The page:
This proposal provoked a sharp response from some nuclear weapon states, especially the United States, which circulated an informal document denouncing it as “a divisive proposal” that was trying to create a “‘phantom’ CD” and declaring that “the United States will NOT participate in any international body to whose establishment the United States does not agree.” The statement concluded that the “United States will not consider itself bound in any way by any agreement emerging from such a body.” The six states subsequently withdrew the proposal, noting that the six CD Presidents for 2006 were planning structured discussions in the CD on each of the core issues, but serving notice that “if, for whatever reason, the CD turns in another sterile year in 2006, we will retain the option of reintroducing this initiative as a way of ensuring that there are democratic and multilateral alternatives to a situation where the security interests of the many are being held hostage by the policies of a few.”
The measure was not proposed in 2006, largely because of invigorated discussions at the CD that year. However, the continuing stalemate at the CD suggests that the time might be at hand to bring the measure forward again.
Prospects for action
The Middle Powers Initiative (2007, p. 4) brief to the 2007 NPT PrepCom summarizes the benefits of a fissile materials ban:
Achievement of an FMCT would restrain arms racing involving India, China, and Pakistan, cap Israel’s arsenal, and establish ceilings on other arsenals as well. A verified FMCT also would help build a stable framework for reduction and elimination of warheads and fissile material stocks; help prevent acquisition of fissile materials by terrorists; meet a key NPT commitment; and institutionalize one of the basic pillars of a nuclear weapons-free world.
Most of the key players — those with fissile materials production capability — have incentives to join negotiations (Rissanen 2006, p. 16). The US and Russia, as well as the UK and France, would welcome an FMCT that would cap production in China, India, Israel, North Korea (DPRK), and Pakistan. (Of course, steps are in place or being pursued to eliminate DPRK production, with or without an FMCT.) China would welcome a cap on Indian production, and India would welcome a cap on Pakistani production. Israel would derive advantage from an FMCT that leaves its existing stocks in place but verifiably precludes production by other states in its region. Pakistan has little incentive to negotiate a production ban, unless it were to include controls over existing stocks and thus lead to some level of parity with India.
Of course, there is no shortage of contrary interests. China, in particular, with its more limited stocks, worries about the ability to expand its arsenal if its minimum deterrence is threatened, notably by US missile defence. India’s emphasis on a “non-discriminatory” treaty is rooted in its longstanding rejection of the NPT double standard. But India is obviously divided — uncomfortable with a treaty that would freeze its stocks to levels significantly below those of China, but tempted by a treaty that would freeze Pakistani stocks at levels well below those of India. And the US rejection of verification is a reflection of the current Administration’s general approach toward multilateralism: welcomed as an instrument to constrain the options of others, rejected when its own options are constrained. The other states of the Middle East obviously have little incentive to pursue a treaty that halts production but leaves Israel’s stocks in place.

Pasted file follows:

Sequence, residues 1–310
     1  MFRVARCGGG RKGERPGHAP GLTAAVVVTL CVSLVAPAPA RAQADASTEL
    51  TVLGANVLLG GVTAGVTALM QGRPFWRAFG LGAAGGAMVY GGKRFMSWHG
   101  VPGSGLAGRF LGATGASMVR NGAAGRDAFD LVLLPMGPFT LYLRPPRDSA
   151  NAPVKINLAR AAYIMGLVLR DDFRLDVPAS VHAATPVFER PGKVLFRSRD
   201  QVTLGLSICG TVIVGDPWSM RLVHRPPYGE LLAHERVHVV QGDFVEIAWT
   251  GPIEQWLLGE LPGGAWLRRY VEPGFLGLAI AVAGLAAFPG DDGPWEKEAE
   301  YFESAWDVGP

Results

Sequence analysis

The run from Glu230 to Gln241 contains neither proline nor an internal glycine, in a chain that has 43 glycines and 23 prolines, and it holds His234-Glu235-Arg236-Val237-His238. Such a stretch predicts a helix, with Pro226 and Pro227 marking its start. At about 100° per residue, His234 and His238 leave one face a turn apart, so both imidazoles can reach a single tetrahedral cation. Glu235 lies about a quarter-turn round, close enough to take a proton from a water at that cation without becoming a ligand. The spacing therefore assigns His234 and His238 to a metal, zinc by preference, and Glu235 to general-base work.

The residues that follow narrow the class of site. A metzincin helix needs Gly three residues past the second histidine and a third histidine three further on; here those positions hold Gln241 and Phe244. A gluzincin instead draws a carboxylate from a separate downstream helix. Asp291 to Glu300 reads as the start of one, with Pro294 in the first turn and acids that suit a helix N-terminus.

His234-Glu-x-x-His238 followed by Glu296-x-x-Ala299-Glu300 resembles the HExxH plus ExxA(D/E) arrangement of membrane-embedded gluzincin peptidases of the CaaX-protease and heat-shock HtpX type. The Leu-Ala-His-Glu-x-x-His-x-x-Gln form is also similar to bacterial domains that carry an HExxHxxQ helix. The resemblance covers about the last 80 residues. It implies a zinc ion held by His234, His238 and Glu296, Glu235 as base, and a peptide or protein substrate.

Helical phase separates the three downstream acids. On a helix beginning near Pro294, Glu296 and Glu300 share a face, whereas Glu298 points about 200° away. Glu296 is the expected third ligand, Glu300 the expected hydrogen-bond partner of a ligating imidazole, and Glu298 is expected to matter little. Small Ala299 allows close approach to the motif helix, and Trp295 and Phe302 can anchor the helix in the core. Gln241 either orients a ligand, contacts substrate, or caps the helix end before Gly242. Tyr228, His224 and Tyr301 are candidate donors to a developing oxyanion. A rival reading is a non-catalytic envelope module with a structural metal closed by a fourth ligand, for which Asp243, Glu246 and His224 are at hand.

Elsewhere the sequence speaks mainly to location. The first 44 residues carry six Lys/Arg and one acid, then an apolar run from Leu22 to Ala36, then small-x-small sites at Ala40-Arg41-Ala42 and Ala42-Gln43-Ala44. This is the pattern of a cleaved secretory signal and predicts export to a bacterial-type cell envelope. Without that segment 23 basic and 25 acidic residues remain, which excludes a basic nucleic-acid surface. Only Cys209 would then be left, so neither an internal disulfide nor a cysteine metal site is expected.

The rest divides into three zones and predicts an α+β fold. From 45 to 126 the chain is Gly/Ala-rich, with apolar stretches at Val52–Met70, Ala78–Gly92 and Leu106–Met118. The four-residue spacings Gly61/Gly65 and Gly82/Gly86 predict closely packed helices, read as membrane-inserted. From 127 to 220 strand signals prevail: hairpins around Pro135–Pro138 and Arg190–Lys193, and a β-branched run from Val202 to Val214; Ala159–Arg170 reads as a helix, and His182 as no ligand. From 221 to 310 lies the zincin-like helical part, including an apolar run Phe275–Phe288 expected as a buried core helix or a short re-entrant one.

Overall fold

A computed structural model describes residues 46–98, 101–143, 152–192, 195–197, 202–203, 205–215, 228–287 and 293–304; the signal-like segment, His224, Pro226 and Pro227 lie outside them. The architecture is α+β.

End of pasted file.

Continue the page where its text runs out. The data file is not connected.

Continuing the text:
FMCT or FMT?
A production cutoff treaty (an FMCT) would ban all future fissile material production after a negotiated cutoff date. Thus, it would formalize the declared moratoria of the UK, US, Russia, and France; ensure that China becomes part of the Permanent 5 (of the UN Security Council) halt to production; and ensure that fissile material production by India, Israel, and Pakistan is capped. Essentially, an FMCT would be a horizontal nonproliferation measure.
An agreement to control fissile materials (an FMT) would deal with existing stocks as well as future production, including provisions to limit the weaponization of existing materials produced for weapons purposes, and thus would be a vertical nonproliferation, or disarmament, measure as well.
The International Panel on Fissile Materials (IPFM 2006) suggests that in either case a treaty would also ban for weapons purposes:
- Fissile materials in civilian use,
- Materials from dismantled weapons that have been declared excess for future military use, and
- Highly enriched uranium designated for naval reactor use.
Verification of an FMCT
Earlier this year Canada (2007) submitted a working paper to the CD, setting out some possible basic approaches to a verification regime that would ensure “confidence that all States Parties are in compliance with their treaty-based commitment not to produce further fissile material for nuclear weapons or other nuclear explosive devices.” The paper concludes: